> of 3 namespaces for variables, functions and modules modules are
> unified with functions the 'module composability bug' is fixed:
> 'intersection' now composes with 'for' generic sequence operations
> and generalized list comprehensions objects: external script files
> are referenced as object values; {script} is an object literal;
> 'object.name' looks up a named field in an object groups are replaced
> by object values; the CSG tree is a tree of objects the 'use' command
> is fixed: it can be used to reference any library
>
>
>
> Design spec: https://github.com/doug-moen/openscad2
>
> At this point, I'm looking for feedback and new collaborators. There
> may ways to improve parts of the design to make it easier to use, or
> more powerful, or less complex, or whatever. I expect that there are
> still bugs in the backward compatibility provisions that may trigger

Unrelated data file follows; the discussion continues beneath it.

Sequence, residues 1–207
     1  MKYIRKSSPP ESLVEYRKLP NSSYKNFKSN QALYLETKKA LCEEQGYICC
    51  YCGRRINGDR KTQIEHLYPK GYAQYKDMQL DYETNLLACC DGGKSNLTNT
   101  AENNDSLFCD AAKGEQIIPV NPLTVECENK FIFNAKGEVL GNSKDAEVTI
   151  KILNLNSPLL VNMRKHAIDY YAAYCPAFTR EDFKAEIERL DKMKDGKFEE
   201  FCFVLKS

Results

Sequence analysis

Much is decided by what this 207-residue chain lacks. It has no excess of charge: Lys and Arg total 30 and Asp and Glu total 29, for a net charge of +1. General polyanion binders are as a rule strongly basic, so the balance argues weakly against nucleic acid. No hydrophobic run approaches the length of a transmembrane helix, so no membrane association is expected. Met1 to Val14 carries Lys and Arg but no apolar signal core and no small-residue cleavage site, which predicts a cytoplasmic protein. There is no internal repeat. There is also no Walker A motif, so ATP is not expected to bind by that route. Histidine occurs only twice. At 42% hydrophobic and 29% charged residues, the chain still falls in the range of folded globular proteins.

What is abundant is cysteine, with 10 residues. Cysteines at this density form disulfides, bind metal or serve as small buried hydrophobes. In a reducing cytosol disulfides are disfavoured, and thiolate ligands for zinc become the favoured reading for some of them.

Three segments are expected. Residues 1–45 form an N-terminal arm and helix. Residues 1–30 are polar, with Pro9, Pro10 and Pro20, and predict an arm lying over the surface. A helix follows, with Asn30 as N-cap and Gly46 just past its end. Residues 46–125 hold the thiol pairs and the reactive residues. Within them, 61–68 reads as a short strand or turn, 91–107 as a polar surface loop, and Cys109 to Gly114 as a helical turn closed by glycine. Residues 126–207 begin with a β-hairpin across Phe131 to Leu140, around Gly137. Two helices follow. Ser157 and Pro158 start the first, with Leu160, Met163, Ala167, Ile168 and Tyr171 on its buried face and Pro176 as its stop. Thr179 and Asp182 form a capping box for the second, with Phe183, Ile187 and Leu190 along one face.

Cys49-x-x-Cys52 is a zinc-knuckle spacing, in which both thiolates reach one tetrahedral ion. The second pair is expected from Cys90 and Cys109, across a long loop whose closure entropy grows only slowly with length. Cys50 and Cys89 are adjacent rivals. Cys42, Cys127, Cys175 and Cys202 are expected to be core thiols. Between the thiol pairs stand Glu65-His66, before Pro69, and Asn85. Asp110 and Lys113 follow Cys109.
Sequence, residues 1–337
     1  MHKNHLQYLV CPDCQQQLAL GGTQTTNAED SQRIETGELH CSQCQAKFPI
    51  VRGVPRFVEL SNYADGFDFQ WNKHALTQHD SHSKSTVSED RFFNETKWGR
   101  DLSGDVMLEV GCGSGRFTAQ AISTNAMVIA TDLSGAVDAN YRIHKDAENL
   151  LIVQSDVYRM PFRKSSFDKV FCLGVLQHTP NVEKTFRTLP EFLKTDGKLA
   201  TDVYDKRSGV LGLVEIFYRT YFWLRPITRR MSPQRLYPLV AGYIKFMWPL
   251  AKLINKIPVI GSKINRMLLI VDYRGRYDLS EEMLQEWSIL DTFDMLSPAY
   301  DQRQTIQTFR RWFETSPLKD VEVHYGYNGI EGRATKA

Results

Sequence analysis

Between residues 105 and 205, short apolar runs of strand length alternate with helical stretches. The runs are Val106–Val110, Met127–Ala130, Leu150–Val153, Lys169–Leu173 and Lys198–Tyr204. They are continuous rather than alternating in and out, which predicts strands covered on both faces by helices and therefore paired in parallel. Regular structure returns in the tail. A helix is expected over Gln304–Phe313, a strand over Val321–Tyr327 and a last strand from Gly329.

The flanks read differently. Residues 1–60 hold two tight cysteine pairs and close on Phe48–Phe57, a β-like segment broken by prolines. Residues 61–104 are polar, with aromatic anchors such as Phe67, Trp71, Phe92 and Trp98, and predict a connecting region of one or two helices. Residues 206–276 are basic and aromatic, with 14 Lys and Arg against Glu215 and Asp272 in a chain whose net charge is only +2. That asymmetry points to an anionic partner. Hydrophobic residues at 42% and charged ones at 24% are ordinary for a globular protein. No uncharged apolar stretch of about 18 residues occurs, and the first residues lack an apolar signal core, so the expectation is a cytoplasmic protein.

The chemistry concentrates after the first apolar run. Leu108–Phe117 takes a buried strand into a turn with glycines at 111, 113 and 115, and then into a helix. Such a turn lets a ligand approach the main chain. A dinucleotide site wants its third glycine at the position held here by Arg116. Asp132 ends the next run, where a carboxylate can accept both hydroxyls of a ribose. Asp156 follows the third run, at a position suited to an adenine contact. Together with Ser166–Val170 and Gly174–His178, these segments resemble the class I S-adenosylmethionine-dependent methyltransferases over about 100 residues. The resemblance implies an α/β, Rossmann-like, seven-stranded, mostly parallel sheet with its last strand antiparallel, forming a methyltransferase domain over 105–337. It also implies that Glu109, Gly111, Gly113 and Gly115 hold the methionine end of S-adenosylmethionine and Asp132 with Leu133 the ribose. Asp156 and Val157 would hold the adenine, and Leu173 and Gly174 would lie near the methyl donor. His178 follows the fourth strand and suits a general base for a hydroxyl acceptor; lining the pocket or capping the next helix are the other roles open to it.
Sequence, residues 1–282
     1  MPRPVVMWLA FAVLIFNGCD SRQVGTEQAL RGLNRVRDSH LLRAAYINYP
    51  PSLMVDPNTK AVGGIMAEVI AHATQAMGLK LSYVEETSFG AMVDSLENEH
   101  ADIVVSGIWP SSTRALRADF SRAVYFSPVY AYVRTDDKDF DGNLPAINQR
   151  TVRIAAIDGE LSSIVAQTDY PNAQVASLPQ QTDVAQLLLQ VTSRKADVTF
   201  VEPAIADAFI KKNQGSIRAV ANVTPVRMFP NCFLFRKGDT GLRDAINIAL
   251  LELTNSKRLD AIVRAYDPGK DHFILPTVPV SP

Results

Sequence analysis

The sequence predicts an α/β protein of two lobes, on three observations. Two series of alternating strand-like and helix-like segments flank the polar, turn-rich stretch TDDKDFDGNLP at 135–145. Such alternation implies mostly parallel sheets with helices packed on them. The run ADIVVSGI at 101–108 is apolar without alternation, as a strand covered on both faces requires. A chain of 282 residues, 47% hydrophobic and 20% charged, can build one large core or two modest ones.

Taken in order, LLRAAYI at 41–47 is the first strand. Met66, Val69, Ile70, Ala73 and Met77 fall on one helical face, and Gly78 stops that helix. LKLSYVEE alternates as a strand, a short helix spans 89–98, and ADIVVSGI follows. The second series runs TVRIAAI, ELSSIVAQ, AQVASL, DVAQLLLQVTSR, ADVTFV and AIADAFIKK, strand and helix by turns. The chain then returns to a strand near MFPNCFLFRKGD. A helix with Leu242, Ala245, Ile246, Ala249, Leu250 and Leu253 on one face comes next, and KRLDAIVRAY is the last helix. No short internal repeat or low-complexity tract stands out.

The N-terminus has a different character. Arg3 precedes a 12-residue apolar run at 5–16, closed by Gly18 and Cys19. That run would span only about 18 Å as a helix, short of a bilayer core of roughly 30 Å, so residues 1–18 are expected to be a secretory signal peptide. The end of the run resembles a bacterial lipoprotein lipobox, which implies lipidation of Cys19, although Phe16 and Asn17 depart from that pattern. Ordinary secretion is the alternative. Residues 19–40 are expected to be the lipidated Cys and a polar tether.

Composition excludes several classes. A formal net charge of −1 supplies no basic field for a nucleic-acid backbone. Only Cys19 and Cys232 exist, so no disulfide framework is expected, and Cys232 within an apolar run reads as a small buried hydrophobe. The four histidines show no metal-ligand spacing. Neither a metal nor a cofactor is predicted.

> design changes.
>
> Since it's all on github, you may open issues if you like.
>
> I don't have any working code yet. This has turned into a big
> project, so that's going to take a while, and will be implemented in
> multiple stages. I expect further design changes as a result of
> insights developed while implementing all of this.
>
>
>
>
>
>
>
> _______________________________________________
> OpenSCAD mailing list
> [hidden email]
> http://lists.openscad.org/mailman/listinfo/discuss_lists.openscad.org
>
>
> No virus found in this message.
> Checked by AVG - www.avg.com
> Version: 2015.0.6081 / Virus Database: 4365/10154 - Release Date:
> 07/03/15
>
> Luckily its not a programming language at all.
> Its a description of an object.
> It is evaluated only once and it constructs an object as the result.
> The description of the object uses sophisticated language-like
> expressions that allow for efficient, useful parametrisation of the
> object.
>
> Most of the problem users face when trying to use this declarative
> description is in confusing it with a language. E.g. the assignment
> operator.
>
>
> On 7/4/2015 3:26 PM, Ben Simons wrote:
> At
> you write :
> "In short, although it wasn't a design goal, OpenSCAD2 appears to
> have all of the necessary language mechanisms required to support
> object oriented programming. This may turn out to be useful in the
> future for structuring complex models or for writing new libraries of
> geometric objects."
>